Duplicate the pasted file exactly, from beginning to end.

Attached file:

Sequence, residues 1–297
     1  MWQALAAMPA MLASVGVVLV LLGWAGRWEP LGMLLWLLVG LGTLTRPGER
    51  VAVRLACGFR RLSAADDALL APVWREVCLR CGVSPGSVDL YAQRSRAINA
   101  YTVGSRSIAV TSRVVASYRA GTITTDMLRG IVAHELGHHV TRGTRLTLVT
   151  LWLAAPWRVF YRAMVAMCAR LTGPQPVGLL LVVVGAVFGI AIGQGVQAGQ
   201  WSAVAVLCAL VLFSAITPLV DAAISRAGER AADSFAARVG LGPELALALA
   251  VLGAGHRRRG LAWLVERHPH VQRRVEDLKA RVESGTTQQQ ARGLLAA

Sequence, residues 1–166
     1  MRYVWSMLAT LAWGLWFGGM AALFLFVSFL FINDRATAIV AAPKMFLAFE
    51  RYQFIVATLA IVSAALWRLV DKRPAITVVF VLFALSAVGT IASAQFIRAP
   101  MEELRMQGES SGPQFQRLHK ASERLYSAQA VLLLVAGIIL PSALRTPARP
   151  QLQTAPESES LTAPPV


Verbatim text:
Sequence, residues 1–297
     1  MWQALAAMPA MLASVGVVLV LLGWAGRWEP LGMLLWLLVG LGTLTRPGER
    51  VAVRLACGFR RLSAADDALL APVWREVCLR CGVSPGSVDL YAQRSRAINA
   101  YTVGSRSIAV TSRVVASYRA GTITTDMLRG IVAHELGHHV TRGTRLTLVT
   151  LWLAAPWRVF YRAMVAMCAR LTGPQPVGLL LVVVGAVFGI AIGQGVQAGQ
   201  WSAVAVLCAL VLFSAITPLV DAAISRAGER AADSFAARVG LGPELALALA
   251  VLGAGHRRRG LAWLVERHPH VQRRVEDLKA RVESGTTQQQ ARGLLAA

Sequence, residues 1–166
     1  MRYVWSMLAT LAWGLWFGGM AALFLFVSFL FINDRATAIV AAPKMFLAFE
    51  RYQFIVATLA IVSAALWRLV DKRPAITVVF VLFALSAVGT IASAQFIRAP
   101  MEELRMQGES SGPQFQRLHK ASERLYSAQA VLLLVAGIIL PSALRTPARP
   151  QLQTAPESES LTAPPV